1. Don’t Treat Nortel As The Exception – This is a good item itself, but it gets smeared with the stain of having to talk about APT. As item #8 implies, don’t limit yourself to just talking about APT.
2. Keep Proving You’re Not Nortel – This follows the need to have permanent, ongoing security.
3. Create A Robust Information Security Program – A good point, but please at least mention the need for staff in addition to tools.
4. Expect Defenses To Fail – Can’t say this enough, since it never really sinks in to unwashed managerial levels.
5. Don’t Fail To Investigate Data Breaches – Fair enough, but this is also a really big cultural and political problem, not to mention an empowerment one. One thing to learn from Nortel is that even the CEO levels need to capitulate to the security team. Honestly, the IT team knows a lot about a company (and has great access), but a robust security team probably knows or could potentially know even more. Accept it and embrace it for maximum value from your staff. This is hard, though, since analysts may see lots of little things that make no sense and they have to choose which to investigate, or may spend too much time tunning things to create black holes in an effort to be more efficient, or quite simply don’t want to create more work for themselves (unethical, but that’s human nature).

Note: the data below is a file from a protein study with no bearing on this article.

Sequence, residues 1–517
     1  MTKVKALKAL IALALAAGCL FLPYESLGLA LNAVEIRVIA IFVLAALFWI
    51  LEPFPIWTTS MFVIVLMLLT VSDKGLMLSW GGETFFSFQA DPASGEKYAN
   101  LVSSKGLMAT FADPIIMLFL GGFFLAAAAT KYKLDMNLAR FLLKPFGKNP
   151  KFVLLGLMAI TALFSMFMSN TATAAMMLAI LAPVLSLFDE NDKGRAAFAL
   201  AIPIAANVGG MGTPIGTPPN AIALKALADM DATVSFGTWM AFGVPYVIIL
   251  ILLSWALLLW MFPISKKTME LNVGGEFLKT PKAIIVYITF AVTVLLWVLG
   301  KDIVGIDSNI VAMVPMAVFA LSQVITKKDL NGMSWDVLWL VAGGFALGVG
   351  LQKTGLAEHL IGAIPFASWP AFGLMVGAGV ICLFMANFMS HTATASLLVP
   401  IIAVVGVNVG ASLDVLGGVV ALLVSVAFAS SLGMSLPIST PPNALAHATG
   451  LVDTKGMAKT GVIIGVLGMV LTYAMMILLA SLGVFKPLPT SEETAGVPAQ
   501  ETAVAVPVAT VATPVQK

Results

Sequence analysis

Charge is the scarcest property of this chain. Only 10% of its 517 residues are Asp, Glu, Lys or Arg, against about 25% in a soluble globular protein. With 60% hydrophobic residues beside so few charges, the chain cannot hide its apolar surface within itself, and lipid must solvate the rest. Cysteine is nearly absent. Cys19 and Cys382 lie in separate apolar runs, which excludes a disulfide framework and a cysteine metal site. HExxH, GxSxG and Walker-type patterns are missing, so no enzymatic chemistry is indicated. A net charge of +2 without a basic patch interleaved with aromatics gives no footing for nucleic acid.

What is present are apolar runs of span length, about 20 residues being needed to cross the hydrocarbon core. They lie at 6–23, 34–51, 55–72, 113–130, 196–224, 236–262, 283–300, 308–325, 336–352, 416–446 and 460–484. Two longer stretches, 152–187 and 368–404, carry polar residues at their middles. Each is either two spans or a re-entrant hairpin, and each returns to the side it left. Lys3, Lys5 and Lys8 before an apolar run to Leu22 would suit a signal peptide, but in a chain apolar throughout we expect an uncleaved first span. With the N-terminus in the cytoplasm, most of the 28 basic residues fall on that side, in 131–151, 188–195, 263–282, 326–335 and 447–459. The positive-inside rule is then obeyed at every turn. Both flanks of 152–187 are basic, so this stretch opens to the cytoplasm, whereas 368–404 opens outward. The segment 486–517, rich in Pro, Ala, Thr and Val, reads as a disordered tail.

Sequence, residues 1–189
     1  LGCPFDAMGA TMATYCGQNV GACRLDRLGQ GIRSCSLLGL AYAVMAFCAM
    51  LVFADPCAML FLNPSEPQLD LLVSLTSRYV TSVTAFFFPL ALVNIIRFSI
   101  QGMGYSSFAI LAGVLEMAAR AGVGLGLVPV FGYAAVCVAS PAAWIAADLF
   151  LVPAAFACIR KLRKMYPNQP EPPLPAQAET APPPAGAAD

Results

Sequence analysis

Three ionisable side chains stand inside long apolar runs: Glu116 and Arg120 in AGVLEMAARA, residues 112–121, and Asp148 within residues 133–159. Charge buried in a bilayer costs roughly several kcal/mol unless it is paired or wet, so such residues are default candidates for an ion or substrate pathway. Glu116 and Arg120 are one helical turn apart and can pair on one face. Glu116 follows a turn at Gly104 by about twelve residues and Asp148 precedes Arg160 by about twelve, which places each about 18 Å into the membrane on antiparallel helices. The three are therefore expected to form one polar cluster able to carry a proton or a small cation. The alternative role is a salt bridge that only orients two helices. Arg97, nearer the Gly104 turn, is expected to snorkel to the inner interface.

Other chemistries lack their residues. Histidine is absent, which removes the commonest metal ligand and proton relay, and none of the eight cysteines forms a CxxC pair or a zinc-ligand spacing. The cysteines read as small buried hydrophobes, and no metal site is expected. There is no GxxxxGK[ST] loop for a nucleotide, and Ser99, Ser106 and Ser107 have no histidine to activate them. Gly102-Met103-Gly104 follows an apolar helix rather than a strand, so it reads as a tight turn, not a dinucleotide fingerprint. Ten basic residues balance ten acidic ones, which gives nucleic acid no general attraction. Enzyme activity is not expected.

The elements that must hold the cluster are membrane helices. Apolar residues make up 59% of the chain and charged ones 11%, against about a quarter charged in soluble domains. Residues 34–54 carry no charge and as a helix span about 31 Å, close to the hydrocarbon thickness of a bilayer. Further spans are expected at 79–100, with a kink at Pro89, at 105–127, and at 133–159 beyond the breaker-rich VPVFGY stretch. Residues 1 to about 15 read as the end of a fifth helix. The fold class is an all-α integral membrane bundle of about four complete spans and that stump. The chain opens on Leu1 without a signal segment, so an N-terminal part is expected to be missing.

6. Conduct A Thorough Forensic Analysis – The next line is better: “Likewise, don’t expect breach investigations to be cheap. But short-term savings–skimping on conducting a thorough forensic analysis after a breach, for example–can have long-term repercussions, as Nortel discovered.” Tell a CEO you’ll need his laptop for a week to do forensics on a suspected issue. His reaction will tell you everything you need to know about a company’s security culture.
7. Expect Greater Accountability – Not sure if this will create accountability or simply just be more noise that desensitizes people to insecurity. Still, look forward to more economic pressures accountability…
8. Defend Against More Than China – Good point, but I really wish they had mentioned US, domestic, or even hackers in your own backyard.